What can we learn from this true-life misadventure?  Let’s start with celebrating diversity.  We need people on the board who are strong and confident.  We need dissenters.  We also need leaders and followers.  And we need others who will occasionally help to cull the menagerie and make room for new species.

Let’s start with expecting regular attendance.  An empty chair contributes nothing and a director whose attendance is spotty disrupts board cohesiveness.  It is the board chair’s responsibility to confront directors who are failing the group.

Let’s start with expecting excellence from each person on the board.  That means adopting a job description or “board proposition” that specifies what conduct is expected of each person on the board.

Let’s start with building a board profile that identifies the skills and expertise needed on the board to serve the strategic priorities of the organization.  What animals are needed?

Let’s get started!

Monday, July 16, 2012

CEOs: Six Habits for True Strategic Thinking

By Virgil Carter
Are you the CEO or chief staff executive of your organization?  If so, you are the default leader for the strategic thinking and direction of your organization.  This doesn’t mean you are the only one in the organization involved in strategic thinking (or even the best strategic thinker), but as the CEO yours is the ultimate responsibility for developing, communicating and implementing successful strategy.  So how do you spend time thinking strategically?

“If you find yourself resisting "being strategic," because it sounds like a fast track to irrelevance, or vaguely like an excuse to slack off, you're not alone”, writes Paul J. H. Schoemaker, in a recent Inc. article titled, ironically, “6 Habits of True Strategic Thinkers”. The author offers the perceptive view that, “Every leader's temptation is to deal with what's directly in front of them, because it always seems more urgent and concrete.”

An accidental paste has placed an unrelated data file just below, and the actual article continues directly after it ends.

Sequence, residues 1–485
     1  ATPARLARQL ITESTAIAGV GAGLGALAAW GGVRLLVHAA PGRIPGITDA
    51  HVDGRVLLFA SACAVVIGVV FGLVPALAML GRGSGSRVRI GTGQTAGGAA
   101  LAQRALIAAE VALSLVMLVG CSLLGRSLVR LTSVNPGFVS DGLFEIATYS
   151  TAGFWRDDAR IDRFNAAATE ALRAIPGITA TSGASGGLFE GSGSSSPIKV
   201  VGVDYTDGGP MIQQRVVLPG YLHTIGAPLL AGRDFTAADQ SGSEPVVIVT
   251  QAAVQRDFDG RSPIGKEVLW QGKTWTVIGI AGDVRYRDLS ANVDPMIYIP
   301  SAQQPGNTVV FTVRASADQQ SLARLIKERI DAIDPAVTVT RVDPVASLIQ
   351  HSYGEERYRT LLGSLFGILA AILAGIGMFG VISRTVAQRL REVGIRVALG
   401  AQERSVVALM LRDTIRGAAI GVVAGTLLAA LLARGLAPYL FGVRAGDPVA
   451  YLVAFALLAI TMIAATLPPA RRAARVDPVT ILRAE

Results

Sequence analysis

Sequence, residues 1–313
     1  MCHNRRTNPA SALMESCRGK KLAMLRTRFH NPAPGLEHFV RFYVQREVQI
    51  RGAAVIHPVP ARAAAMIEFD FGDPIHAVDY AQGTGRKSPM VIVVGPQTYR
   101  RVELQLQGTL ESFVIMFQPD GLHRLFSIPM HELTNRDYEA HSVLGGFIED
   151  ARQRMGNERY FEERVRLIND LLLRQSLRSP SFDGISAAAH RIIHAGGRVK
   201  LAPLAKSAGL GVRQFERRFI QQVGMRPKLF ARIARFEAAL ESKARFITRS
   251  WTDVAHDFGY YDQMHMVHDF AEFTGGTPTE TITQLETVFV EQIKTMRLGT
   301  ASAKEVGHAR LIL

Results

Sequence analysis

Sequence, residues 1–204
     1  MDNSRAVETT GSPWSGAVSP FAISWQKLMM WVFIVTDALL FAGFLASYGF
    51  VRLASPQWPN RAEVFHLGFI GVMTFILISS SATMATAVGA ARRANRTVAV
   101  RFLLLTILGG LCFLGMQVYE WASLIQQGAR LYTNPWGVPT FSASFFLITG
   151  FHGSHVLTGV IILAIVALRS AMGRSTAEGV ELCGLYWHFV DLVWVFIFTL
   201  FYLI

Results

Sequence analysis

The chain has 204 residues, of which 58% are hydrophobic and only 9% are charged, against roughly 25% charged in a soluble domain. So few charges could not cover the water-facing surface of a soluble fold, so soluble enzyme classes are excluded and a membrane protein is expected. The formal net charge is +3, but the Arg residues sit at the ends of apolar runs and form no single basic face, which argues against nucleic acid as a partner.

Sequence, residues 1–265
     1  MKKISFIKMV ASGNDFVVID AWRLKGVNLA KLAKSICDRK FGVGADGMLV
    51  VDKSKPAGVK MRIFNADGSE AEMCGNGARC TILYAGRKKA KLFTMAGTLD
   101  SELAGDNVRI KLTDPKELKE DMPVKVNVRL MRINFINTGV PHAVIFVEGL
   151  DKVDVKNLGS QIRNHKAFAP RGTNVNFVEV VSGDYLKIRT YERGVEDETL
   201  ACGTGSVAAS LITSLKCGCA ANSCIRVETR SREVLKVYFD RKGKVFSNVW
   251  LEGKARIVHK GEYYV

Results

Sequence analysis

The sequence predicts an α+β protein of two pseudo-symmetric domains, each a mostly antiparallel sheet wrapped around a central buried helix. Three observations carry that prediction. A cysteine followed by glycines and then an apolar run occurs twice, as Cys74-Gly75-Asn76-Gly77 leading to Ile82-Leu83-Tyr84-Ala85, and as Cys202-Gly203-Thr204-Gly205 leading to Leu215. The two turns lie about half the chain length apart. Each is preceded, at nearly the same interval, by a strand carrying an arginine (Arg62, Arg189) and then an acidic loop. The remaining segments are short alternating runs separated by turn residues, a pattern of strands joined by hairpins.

“It's hard to be a strategic leader if you don't know what strategic leaders are supposed to do”, Schoemaker observes.  “After two decades of advising organizations large and small, my colleagues and I have formed a clear idea of what's required of you in this role. Adaptive strategic leaders — the kind who thrive in today’s uncertain environment – do six things well:”

Anticipate:  Most of the focus at most companies is on what’s directly ahead. The leaders lack “peripheral vision.” This can leave your company vulnerable to rivals who detect and act on ambiguous signals.  To anticipate well, a leader must look for game-changing information, search beyond the current boundaries of your business and build wide external networks to aid in better external scanning.

Think Critically”  “Conventional wisdom” opens you to fewer raised eyebrows and second guessing. But if you swallow every management fad, herd like belief, and safe opinion at face value, your company loses all competitive advantage. Critical thinkers question everything.

Interpret:  Ambiguity is unsettling. Faced with it, the temptation is to reach for a fast (and potentially wrongheaded) solution.  A good strategic leader holds steady, synthesizing information from many sources before developing a viewpoint.